Our clients have told us time and time again that the internet can be an overwhelming place for pregnant people. One huge benefit of hiring a doula - especially earlier in pregnancy - is that you have a home base where you can turn to ask questions... instead of falling down online rabbit holes.
When our clients reach out to us for support or information on a particular subject, we usually draw from a pool of our favorite resources. We have a collection of favorite resources that are:
from reputable sources
validating of people's experiences (as non-judgmental as we can find)
helpful in real life (aka not too long or too jargon-y for real parents with real lives to read and absorb)
We thought we'd create an online collection of some of our favorite resources so other parents can benefit, not just our Orange County and Long Beach doula clients here in beautiful southern California! (Some of these are area-specific referrals, but if you don't live near us ask some doulas in your community for resources.)
This week we're featuring resources for pregnancy and preparation for birth. Next week, we'll share our favorites for postpartum, breastfeeding, and more... stay tuned!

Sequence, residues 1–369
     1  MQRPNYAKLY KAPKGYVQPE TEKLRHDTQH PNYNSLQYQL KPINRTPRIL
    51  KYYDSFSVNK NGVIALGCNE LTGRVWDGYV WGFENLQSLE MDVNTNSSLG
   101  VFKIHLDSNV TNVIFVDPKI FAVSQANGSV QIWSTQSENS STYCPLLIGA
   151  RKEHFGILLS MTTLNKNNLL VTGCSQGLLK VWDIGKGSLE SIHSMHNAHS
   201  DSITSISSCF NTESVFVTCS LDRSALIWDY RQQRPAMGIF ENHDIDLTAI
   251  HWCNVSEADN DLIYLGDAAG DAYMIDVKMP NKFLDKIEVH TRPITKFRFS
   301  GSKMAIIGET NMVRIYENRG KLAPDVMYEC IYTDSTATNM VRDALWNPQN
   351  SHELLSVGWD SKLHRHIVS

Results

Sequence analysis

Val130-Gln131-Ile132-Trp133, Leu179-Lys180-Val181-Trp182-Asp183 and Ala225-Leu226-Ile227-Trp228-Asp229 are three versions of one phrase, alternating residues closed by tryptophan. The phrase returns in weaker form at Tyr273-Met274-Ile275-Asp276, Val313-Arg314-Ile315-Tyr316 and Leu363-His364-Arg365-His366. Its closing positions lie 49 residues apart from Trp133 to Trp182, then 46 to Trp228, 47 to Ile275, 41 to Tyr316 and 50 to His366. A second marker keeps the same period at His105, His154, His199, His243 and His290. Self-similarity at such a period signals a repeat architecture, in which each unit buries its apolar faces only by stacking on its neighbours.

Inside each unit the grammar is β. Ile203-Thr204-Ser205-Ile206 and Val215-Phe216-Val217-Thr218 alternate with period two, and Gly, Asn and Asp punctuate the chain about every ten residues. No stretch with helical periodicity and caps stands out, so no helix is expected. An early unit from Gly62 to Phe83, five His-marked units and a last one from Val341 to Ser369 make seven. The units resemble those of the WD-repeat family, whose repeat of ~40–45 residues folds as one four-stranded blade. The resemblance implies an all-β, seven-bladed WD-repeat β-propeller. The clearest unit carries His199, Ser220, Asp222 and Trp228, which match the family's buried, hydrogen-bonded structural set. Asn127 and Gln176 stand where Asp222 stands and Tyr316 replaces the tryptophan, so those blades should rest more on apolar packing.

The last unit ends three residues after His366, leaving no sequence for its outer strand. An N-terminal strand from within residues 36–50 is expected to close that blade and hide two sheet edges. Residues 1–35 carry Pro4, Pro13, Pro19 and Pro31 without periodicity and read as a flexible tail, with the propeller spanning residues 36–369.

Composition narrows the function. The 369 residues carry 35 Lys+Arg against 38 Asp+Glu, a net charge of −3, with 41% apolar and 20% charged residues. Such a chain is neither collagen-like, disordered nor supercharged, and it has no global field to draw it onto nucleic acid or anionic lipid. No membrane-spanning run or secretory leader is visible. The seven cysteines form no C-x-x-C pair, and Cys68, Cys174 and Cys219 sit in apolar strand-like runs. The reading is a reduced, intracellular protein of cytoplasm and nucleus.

Spinning Babies (not as extreme as it sounds!) is one of our go-to resources when parents are looking for things they can actively do in pregnancy to 1) feel more comfortable, and 2) help their body prepare for birth. These "daily essentials" include a lot of stretches and quick exercises that can be done at home. If you're looking for a little stretching routine that is good for you and baby, look no further!
Prenatal yoga classes: Unfold Yoga in Brea
For parents in north Orange County, Unfold Yoga in Brea has one of the larges menus around for prenatal yoga offerings.
Prenatal yoga classes: Ma Yoga (various Orange County locations)